The tube can be formed from pure iron. Once filled to the desired extent, the tube can be sealed with a cap, for example an iron cap. The cap can be cold welded to the tube. One end of the tube can be crimped together.

The tube can be coated on its outer surface with an additional layer of biocompatible material, such as polycaprolactone or a polycaprolactone/bone graft mixture. The coating can act to at least substantially, if not wholly, prevent bodily tissue being exposed to undesirable levels of iron (or other ions) and rust whilst also encouraging osteointegration and fixation.

In one embodiment, the additional layer for the tube can cover a majority, or all, of the tube.

The tube (and the additional layer if present) can degrade in vivo at a predetermined rate. The tube preferably slows the rate of moisture ingress to the glass matrix/glass fibre mixture. For example, the tube can be adapted to prevent or at least slow moisture ingress for at least 2 weeks, more preferably a month, yet more preferably 4 months, and even at least 6 months.

If required, the tube could be formed with a thread or texture in its outer surface.

The tube could also incorporate a number of pleats to allow the tube wall to expand if required following implantation. The tube would be appropriately sterilized following manufacture and/or prior to use.

Still further, the tube can be placed in a sock member prior to implantation.

According to a still further aspect, the present invention comprises an implantable device comprising: a bioabsorbable polymeric member; and an additional layer for at least a portion of the polymeric member; wherein the additional layer is a pliable metal or metal alloy that degrades following implantation.

In this aspect, the implantable device can have one or more of the features of the implantable device described herein. For example, the bioabsorbable polymeric member can have one, some or all of the features of the implantable device described in the preceding aspect.

In one embodiment of this aspect, the additional layeτ can comprise a foil, a tube or coating as described herein. For example, the additional layer can be formed from iron or an iron alloy, a magnesium alloy or a calcium alloy. These layers can be added to the device using vapour deposition.

In one embodiment, the additional layer can cover a majority, or all, of the polymeric member. The additional layer can degrade in vivo at a predetermined rate.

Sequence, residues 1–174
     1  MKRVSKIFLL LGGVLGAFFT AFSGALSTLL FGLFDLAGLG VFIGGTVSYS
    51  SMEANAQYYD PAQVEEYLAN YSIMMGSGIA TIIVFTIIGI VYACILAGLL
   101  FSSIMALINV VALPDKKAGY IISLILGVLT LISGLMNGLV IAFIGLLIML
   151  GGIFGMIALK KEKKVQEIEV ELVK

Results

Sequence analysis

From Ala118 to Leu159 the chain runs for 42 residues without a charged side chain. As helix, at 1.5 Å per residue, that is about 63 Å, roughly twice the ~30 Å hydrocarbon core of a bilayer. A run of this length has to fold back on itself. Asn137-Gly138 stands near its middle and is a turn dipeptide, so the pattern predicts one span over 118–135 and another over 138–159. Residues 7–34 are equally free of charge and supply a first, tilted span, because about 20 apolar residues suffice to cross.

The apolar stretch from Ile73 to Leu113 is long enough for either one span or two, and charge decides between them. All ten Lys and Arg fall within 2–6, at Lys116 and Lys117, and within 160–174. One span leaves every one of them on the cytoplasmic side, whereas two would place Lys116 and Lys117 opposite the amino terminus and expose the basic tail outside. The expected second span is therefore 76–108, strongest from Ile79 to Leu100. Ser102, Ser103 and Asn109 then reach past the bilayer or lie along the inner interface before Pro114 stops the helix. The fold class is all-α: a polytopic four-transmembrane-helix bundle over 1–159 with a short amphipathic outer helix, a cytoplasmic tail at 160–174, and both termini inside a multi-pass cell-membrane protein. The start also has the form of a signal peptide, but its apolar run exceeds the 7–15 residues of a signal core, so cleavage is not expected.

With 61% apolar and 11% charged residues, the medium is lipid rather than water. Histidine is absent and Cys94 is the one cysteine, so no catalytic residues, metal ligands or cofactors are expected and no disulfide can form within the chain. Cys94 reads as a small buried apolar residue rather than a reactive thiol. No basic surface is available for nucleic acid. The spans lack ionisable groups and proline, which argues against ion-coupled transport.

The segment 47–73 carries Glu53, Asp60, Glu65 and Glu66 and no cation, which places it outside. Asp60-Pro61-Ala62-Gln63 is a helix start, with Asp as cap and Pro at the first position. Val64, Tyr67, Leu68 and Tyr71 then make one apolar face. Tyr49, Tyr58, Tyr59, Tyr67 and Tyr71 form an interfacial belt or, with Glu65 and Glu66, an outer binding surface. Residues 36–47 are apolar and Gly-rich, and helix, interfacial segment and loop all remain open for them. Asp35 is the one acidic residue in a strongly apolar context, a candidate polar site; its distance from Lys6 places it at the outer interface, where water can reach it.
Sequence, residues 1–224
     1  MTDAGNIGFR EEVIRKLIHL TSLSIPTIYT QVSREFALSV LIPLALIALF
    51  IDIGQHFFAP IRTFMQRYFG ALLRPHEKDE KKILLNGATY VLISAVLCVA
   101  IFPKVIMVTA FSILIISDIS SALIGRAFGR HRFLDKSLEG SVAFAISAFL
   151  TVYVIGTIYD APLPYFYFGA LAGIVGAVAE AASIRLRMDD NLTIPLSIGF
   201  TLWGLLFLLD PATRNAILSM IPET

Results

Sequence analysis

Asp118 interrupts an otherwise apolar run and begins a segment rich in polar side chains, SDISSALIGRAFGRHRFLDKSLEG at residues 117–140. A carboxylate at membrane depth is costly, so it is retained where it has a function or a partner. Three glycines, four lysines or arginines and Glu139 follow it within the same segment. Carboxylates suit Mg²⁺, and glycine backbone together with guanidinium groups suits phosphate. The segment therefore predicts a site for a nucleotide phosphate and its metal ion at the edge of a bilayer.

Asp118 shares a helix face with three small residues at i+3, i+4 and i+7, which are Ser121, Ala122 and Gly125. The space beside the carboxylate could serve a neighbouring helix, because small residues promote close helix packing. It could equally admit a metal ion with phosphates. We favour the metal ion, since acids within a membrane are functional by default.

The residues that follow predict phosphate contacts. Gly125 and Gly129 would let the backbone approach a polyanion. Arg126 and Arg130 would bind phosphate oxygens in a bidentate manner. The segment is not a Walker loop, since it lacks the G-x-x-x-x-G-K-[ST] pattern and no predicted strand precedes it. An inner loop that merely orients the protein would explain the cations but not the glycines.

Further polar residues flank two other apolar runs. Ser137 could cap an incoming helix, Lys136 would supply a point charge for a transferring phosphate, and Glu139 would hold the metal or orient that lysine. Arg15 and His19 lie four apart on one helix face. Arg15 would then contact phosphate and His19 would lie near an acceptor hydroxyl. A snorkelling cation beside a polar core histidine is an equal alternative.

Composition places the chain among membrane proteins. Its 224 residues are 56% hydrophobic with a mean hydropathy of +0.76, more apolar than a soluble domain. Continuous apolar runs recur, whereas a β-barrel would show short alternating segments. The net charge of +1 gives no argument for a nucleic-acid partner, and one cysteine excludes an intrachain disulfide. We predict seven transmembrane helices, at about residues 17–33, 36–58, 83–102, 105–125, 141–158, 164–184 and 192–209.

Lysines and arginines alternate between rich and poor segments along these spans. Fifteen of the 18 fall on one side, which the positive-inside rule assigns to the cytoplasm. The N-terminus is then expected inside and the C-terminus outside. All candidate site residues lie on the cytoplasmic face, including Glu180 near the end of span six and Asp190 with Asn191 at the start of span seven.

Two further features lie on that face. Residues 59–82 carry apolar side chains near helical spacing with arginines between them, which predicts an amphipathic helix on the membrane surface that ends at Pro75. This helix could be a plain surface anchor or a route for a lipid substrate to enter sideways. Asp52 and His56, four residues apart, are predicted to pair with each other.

The additional layer preferably slows the rate of moisture ingress to the polymeric member. For example, the additional layer can be adapted to prevent or at least slow moisture ingress for at least 2 weeks, more preferably a month, yet more preferably 4 months, and even at least 6 months. Where a metal or metal alloy layer is used, the additional layer can have a further coating to at least substantially or fully isolate the layer from contact with surrounding tissue following implantation. This further coating can comprise a suitable biocompatible polymer, such as polycaprolactone (PCL).

In yet another embodiment of these aspects, the glass mixture/glass fibre mixture can act as a chelating agent for iron or other metal ions liberated by degradation of the tube, coating or layer surrounding the mixture following implantation. An additional chelating agent can also be used if required.

According to a still further aspect, the present invention is a method of implanting an implantable device as defined herein to bodily tissue, the method comprising: heating the implantable device such that the glass matrix/glass fibre mixture becomes at least partially molten; inserting the device into the tissue; driving an expanding member through the device to expand the device into contact with the surrounding tissue; and after a predetermined time, withdrawing the expanding member.

In this aspect, the mixture can be contained within a tube such as the tube described herein with respect to other aspects. The tube can expand without breaking. The expanding member can be a bone anchor screw. Prior to insertion, the tube can be placed in a biocompatible sock after being heated. The sock can serve to prevent heat damage to the surrounding tissue on implantation of the heated implantable device. The sock can be relatively chilled, for example to 00C, prior to placement of the implantable device within the sock. The sock can be formed from glass fibre.

In this aspect, the predetermined time is preferably such that implantable device will have cooled sufficiently such that it retains its expanded configuration following withdrawal of the expanding member. The time can be less than 1 minute, less than 40 seconds, or even less than 30 seconds, for example about 20 seconds.

Brief Description of the Drawings

By way of example only, embodiments of the inventions are described with reference to the attached drawings, in which:

Fig. 1 is a perspective view of one embodiment of an intervertebral disk prosthesis according to the present invention;

Fig. 2A is a longitudinal sectional view of the intervertebral disk prosthesis of Fig. 1;

Fig. 2B is a cross-sectional view of the intervertebral disk prosthesis of Fig. 1;

Fig. 3 is an end portion of one embodiment of a milling tool according to a further aspect of the present invention;

Figs. 4A to 4E depict steps in the use of the tool depicted in Fig. 3 for use in placement of an intervertebral disk prosthesis according to the present invention; Fig. 5 depicts use of a modified embodiment of a tool according to the present invention for use in placement of an intervertebral disk prosthesis according to the present invention;

Fig. 6 is a perspective view of one embodiment of a bioabsorbable orthopaedic fixation device according to the present invention;